Manchester moves ahead with tourist tax as Welsh Government consults on own levy
Visitors to Manchester will pay a tourist tax from next April, as the Welsh Government consults on a similar move in Wales.
Business leaders said that the move would bring Manchester “into line with European counterparts”.
Some 74 hotels and short-stay serviced apartments in Manchester will be charging the extra £1 fee which the Manchester Accommodation Business Improvement District says will “improve the visitor experience” to the city centre and “support the growth of the visitor economy”.
A referendum was held among hoteliers on whether or not to implement the fee, with four in five voting in favour.
Bev Craig, the leader of Manchester City Council, told the Manchester Evening News that they were “exciting times for Manchester city centre”.
“Seizing that opportunity means ensuring as many rooms as possible are full all year round. We believe that targeted investment through the Manchester ABID will help support the accommodation sector – which plays such a vital role in supporting jobs in our city and adding to its overall vibrancy – to thrive,” he said.
The Welsh Government’s own consultation on what it is calling a ‘visitor levy’ closes next week.
“These proposals are about preparing for the future. Our intention is to bring about a sense of shared responsibility between residents and visitors, to protect, and invest in, our local areas,” Minister for Finance and Local Government Rebecca Evans said.
“By asking visitors – whether they have travelled from within Wales or from further afield – to make a small contribution towards maintaining and enhancing the place they are visiting, we will encourage a more sustainable approach for tourism.”
Proposals for a visitor levy have been progressed through Welsh Government’s Co-operation agreement with Plaid Cymru.
“While Wales may be the first place in the UK to introduce such a levy, we do not believe it will be the last – as we have seen recently, a visitor levy may soon be introduced in Edinburgh so Wales is not alone,” Plaid Cymru Designated Member Cefin Campbell said.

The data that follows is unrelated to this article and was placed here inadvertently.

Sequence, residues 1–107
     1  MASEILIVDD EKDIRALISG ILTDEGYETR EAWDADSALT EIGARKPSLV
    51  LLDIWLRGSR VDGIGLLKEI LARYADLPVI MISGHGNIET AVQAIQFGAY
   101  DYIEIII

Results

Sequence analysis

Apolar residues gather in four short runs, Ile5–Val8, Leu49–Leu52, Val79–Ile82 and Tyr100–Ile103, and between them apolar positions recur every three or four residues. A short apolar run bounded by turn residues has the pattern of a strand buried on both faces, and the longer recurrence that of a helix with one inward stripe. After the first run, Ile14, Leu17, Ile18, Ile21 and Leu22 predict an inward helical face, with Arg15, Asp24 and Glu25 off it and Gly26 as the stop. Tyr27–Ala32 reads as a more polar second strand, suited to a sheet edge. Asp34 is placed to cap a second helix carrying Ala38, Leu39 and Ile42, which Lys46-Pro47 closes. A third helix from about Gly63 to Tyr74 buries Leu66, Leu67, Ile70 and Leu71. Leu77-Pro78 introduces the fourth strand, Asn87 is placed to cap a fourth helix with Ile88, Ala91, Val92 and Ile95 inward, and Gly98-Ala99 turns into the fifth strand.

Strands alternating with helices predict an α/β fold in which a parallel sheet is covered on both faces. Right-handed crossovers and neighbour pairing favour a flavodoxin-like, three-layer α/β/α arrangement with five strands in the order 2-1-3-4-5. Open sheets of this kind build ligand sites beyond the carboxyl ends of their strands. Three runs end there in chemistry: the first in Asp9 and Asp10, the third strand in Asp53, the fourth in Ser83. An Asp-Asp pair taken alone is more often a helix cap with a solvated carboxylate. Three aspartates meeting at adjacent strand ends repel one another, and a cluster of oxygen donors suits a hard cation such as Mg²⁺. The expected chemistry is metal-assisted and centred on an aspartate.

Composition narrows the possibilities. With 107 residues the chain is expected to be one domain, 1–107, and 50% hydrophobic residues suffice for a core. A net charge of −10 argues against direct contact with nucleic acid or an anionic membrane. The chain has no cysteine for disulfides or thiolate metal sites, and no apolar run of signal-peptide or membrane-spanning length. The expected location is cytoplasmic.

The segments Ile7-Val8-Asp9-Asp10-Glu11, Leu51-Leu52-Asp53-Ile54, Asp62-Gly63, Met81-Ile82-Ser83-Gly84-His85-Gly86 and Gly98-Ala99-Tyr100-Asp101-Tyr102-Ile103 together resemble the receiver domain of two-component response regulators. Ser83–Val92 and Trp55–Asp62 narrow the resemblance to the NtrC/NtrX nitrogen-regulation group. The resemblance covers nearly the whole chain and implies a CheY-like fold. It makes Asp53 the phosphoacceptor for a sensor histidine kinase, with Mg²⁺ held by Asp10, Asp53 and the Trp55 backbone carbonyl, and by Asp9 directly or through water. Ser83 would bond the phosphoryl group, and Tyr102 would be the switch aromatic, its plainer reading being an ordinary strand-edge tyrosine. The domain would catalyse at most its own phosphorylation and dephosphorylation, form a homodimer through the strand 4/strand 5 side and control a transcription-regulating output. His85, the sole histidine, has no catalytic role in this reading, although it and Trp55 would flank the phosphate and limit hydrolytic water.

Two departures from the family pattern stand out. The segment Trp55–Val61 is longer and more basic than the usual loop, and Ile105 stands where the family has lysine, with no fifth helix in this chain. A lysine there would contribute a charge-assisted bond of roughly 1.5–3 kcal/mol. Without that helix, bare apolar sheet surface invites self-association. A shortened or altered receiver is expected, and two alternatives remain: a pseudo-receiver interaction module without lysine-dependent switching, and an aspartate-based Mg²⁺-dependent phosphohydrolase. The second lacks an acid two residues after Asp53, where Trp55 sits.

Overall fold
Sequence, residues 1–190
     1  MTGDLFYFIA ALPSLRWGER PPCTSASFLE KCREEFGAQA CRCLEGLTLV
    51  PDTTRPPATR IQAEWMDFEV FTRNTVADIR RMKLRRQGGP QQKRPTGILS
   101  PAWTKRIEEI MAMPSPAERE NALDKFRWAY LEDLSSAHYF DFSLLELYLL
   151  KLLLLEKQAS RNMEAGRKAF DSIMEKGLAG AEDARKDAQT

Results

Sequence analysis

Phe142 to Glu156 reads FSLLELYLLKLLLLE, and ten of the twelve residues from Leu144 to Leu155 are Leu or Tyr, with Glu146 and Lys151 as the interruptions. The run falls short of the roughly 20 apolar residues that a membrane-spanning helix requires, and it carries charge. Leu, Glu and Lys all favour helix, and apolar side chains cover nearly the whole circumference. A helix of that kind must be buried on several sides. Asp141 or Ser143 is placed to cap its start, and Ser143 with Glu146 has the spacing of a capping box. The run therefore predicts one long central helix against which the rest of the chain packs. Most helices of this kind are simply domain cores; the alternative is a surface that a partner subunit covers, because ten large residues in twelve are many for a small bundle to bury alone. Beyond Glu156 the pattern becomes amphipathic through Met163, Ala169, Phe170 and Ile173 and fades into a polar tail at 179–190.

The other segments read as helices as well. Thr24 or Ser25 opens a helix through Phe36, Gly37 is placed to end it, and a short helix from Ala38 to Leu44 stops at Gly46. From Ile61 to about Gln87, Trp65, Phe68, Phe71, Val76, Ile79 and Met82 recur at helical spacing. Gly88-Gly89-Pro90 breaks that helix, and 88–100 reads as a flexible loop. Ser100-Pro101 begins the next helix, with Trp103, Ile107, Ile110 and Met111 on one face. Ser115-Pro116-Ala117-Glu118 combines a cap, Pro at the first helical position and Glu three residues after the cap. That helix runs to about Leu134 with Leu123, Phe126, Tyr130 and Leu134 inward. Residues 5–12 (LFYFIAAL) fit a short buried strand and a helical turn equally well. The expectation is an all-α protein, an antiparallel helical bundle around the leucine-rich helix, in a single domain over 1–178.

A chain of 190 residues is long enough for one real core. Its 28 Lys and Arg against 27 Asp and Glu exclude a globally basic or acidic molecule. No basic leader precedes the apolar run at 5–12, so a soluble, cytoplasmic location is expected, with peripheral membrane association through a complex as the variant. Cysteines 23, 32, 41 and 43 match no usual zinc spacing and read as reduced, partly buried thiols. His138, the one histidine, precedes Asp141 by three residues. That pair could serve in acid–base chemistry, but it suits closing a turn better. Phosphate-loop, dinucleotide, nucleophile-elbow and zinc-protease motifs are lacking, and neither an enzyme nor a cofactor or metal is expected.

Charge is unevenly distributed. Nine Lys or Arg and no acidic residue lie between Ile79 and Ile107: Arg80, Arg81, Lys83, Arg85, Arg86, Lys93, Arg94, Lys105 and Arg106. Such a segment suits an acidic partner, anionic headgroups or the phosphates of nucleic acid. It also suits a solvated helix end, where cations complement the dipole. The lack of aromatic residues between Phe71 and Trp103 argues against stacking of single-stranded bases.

“We want to continue to see a thriving tourism industry in Wales. It is vital we have sustainable, responsible tourism that works both for visitors and for the communities they are visiting.
“Should local authorities decide to implement a visitor levy, it could make a real difference in communities across Wales to help develop and protect local services and infrastructure.
“We welcome all views in understanding what would work well for Wales and encourage everyone to contribute to the consultation.”
But the Welsh Conservatives have said that plans for a tourism tax are an “act of economic self-harm in order to virtue signal”.
Writing in Conservative Home, Senedd Member Tom Giffard said that Labour “effectively uses Wales as its laboratory for bad ideas” to “churn out a steady stream of disastrous policies in order to chase headlines”.
The approach was a “precursor to how Labour would govern from Westminster” aimed not at “enhancing the tourism sector, but of taxing it to oblivion,” he said.
“1-in-7 jobs in Wales rely on tourism,” he said. “That’s nearly 200,000 livelihoods that will be put at risk by this decision. Imagine this policy rolled out across the UK: the decimation of our country’s reputation as a worthwhile place to visit.”
Support our Nation today
For the price of a cup of coffee a month you can help us create an independent, not-for-profit, national news service for the people of Wales, by the people of Wales.